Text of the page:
By Erik Wasson and Peter Schroeder - 11/08/13 03:30 PM EST
Lobbyists are crying “here we go again” as Democrats on the new budget conference committee renew their push for tax increases.
A Democratic wish list obtained by The Hill contains 12 examples of the types of “tax loopholes” that they would like to see closed in a year-end budget deal. Most have been proposed many times before.
Combined, the items on the list would raise $264 billion in revenue over 10 years, more than enough to switch off two years' worth of the automatic budget cuts known as sequestration.
Democrats say they won’t consider cutting entitlements in a deal unless Republicans end “egregious” tax loopholes for the rich and large corporations.
Having defended the tax breaks through several fiscal fights in recent years, lobbyists say they have they are confident in their ability to play defense.
That said, many are irritated at having to fight the same battles again.
J.P. Delmore, a tax lobbyist with the National Association of Home Builders, said he’s exasperated that the mortgage interest tax deduction for second homes is on the chopping block again.
“It’s clear that there is still some education that we have to do,” he said. “There’s a misperception that the users are these extremely wealthy individuals.”
Delmore said he wasn’t shocked to hear that Democrats were trotting it out again.
“Unfortunately I’m not surprised. It’s a great talking point. It fits into the messaging they are trying to have,” he said.
Delmore said the NAHB sought out every member of Congress in the last year to lay the groundwork for protecting the mortgage deduction.
The homebuilders say the average household income of second-home mortgage holders is a modest $71,000, and that half of the savings from eliminating it comes from pinching families moving to a new home, because they technically have two mortgages in a single tax year.
“I never have that pit in my stomach completely go away, but we have done a pretty solid job explaining the impact on middle-class homeowners and folks in transition,” Delmore said.
Dan Hubbard of the National Business Aviation Association said he is “mystified” that the accelerated depreciation rate for business jets keeps coming up at the top of the list, because the industry supports 1.2 million jobs.
“The manufacture and use of these airplanes is an important ingredient in economic recovery,” he said. He said studies show $15 billion in economic output related to corporate jet use and manufacture, and says the industry is boosted by its tax break.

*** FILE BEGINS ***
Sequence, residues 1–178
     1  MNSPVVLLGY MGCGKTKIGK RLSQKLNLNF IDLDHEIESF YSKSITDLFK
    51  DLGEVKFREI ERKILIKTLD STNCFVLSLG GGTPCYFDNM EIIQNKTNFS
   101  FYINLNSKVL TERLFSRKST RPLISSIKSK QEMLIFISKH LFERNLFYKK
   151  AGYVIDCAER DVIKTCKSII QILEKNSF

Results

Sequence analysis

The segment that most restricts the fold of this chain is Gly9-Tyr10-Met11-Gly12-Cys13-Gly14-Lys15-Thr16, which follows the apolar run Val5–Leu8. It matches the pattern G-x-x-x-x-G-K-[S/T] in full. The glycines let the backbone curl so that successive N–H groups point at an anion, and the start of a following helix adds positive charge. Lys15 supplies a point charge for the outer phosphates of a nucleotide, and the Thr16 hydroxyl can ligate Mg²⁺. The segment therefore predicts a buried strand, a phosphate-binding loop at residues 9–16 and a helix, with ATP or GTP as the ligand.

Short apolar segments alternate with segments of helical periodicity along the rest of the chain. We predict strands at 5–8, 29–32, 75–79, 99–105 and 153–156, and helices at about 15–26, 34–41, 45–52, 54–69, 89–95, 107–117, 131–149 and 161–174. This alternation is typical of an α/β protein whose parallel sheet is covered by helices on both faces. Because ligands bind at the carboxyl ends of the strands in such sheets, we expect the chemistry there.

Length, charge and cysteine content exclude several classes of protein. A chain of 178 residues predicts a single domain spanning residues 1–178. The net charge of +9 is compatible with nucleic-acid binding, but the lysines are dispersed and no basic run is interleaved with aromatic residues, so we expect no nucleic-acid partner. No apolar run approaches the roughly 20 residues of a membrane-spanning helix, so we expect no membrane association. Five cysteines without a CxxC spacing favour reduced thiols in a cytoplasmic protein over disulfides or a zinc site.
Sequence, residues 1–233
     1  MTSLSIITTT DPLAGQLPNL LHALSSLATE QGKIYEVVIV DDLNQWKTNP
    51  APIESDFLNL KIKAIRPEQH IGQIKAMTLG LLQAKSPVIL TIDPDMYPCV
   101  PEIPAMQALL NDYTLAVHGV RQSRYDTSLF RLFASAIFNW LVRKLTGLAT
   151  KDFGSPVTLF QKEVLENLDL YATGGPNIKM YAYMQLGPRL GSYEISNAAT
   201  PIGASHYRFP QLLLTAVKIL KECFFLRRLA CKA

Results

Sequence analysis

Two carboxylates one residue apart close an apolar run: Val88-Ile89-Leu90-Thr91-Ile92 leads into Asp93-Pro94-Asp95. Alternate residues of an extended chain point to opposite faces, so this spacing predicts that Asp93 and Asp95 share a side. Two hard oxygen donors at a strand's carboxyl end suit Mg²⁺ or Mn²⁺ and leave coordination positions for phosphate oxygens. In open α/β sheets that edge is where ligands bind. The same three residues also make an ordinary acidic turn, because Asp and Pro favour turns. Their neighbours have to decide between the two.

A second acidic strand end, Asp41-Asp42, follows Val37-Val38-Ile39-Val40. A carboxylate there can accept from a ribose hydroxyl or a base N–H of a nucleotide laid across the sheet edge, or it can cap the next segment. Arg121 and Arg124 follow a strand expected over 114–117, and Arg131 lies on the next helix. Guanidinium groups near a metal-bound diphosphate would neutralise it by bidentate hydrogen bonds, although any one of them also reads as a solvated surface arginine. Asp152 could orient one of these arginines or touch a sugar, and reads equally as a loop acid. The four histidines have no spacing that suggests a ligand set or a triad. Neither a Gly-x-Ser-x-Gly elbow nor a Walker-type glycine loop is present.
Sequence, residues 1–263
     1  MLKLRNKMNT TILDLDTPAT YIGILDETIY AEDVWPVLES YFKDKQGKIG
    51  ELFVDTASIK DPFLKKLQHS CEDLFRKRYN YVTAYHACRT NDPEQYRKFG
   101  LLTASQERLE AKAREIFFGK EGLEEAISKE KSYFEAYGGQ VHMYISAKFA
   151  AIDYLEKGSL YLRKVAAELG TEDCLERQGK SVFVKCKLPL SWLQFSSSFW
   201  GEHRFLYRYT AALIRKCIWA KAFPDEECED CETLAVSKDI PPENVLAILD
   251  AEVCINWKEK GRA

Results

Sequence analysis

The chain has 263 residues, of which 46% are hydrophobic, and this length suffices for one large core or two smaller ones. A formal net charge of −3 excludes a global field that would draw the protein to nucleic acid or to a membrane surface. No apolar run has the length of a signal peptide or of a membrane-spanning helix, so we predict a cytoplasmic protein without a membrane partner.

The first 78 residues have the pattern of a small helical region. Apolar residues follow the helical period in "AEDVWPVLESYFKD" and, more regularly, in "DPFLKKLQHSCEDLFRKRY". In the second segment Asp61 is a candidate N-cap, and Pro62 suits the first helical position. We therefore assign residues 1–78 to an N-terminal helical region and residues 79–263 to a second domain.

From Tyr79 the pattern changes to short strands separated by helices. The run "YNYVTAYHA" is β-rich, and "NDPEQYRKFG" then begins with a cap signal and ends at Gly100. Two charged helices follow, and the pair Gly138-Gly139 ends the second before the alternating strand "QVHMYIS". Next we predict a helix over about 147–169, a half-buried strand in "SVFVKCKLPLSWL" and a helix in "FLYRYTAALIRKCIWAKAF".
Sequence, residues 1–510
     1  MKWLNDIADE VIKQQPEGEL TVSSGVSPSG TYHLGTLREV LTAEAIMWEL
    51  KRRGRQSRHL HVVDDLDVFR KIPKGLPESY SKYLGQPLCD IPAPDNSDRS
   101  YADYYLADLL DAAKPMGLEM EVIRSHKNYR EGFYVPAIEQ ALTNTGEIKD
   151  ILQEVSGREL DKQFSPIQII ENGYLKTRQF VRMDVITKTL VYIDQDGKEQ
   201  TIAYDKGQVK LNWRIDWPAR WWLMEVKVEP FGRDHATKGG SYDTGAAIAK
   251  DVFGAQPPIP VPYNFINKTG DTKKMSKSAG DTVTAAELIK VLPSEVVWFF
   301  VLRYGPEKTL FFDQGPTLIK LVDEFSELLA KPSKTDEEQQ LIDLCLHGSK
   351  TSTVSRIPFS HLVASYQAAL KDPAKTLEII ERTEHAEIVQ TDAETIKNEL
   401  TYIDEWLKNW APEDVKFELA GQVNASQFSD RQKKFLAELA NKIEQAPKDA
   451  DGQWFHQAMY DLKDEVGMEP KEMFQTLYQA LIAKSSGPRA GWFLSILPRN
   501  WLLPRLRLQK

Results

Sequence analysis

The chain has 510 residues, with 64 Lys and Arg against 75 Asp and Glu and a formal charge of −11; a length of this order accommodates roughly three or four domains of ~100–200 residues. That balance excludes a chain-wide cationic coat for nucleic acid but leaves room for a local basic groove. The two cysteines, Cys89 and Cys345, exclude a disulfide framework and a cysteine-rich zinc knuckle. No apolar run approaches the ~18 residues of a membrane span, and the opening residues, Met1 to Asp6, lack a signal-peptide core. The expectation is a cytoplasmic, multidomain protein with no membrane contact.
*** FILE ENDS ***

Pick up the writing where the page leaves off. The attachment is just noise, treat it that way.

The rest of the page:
“If somebody is going to buy and fly it, somebody is going to weld it,” he said.
The jet industry has manufacturing facilities in Kansas, Georgia and Ohio as well as the home states of the Budget Committee heads Rep. Paul Ryan (R-Wis.) and Sen. Patty Murray (D-Wash.).
"Some manufacturers rely heavily on this accelerated depreciation schedule in their business model. Without it there will be many more lay-offs in the corporate and business jet industry" said Jim Richmond, the CEO of Washington State-based plane maker Cub Crafters.
Wall Street is also in the crosshairs of Democrats.
One of their wish list items would limit the deductions executives can take for stock options. Another would force financial derivatives to be taxed on a “mark to market” basis, forcing holders of those financial instruments to estimate their market value each year and pay any appropriate taxes on gains.
Another target is the “carried interest” provision that allows private equity and hedge fund executives to have their income taxed at the lower capital gains rate.
The private equity industry, which Democrats skewered during Mitt Romney’s presidential run, has been mounting its own attempt to school Congress on the impact of ending the tax breaks.
“Increasing taxes on carried interest would negatively impact capital investment, including private equity, real estate and venture capital,” said Noah Theran, spokesman for the Private Equity Growth Capital Council.
“Our goal is to ensure that policies affecting our industry are based on facts and an understanding of the benefits of private equity and growth capital investment,” Theran said.
A Democratic aide said the wish list is not an exhaustive set of proposals, but rather a set of examples of the types of tax breaks the party might want to see dealt with in a budget deal forged by the committee’s Dec. 13 deadline.
— This story was updated at 5:38 p.m.